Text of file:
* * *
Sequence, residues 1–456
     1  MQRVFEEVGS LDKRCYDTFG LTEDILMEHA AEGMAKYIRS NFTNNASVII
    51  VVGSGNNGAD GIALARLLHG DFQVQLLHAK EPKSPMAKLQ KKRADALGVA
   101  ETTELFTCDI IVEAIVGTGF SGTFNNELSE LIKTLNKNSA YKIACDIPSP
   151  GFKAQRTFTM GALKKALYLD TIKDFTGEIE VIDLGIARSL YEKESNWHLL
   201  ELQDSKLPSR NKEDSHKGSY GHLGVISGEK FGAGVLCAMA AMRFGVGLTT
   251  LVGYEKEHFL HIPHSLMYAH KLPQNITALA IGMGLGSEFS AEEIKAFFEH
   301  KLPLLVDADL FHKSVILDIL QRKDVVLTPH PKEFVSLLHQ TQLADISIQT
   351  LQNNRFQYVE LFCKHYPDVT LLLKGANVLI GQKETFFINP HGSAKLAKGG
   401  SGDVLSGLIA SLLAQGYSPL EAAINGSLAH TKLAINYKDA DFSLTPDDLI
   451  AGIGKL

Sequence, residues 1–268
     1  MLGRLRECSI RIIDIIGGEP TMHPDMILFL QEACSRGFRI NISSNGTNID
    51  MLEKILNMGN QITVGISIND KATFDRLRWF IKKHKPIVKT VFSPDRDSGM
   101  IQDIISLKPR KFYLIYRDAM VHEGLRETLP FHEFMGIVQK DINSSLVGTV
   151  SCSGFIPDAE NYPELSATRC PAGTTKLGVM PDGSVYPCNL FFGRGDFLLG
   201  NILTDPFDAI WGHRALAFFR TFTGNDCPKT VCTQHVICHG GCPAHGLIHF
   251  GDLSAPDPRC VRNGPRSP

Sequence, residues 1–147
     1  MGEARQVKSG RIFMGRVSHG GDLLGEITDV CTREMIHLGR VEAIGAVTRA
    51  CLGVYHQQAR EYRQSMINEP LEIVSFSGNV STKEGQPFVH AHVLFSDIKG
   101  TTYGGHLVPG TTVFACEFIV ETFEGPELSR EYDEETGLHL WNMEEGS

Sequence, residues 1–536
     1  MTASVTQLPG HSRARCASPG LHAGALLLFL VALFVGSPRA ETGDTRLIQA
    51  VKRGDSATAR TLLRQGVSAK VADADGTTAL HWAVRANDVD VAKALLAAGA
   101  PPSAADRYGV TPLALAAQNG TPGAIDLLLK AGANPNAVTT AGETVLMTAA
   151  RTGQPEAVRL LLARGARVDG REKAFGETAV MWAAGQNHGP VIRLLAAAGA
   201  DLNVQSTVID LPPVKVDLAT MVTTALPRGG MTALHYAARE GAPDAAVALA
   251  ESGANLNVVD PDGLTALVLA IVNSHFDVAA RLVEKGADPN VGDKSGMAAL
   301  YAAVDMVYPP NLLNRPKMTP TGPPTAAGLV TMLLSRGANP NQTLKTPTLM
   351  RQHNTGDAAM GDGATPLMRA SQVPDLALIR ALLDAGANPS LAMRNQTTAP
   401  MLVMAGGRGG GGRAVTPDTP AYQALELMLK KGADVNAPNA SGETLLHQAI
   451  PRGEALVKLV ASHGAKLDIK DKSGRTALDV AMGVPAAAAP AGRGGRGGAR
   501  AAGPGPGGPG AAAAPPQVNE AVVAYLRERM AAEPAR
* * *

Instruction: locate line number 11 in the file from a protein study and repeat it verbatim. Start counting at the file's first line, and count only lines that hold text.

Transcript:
   451  AGIGKL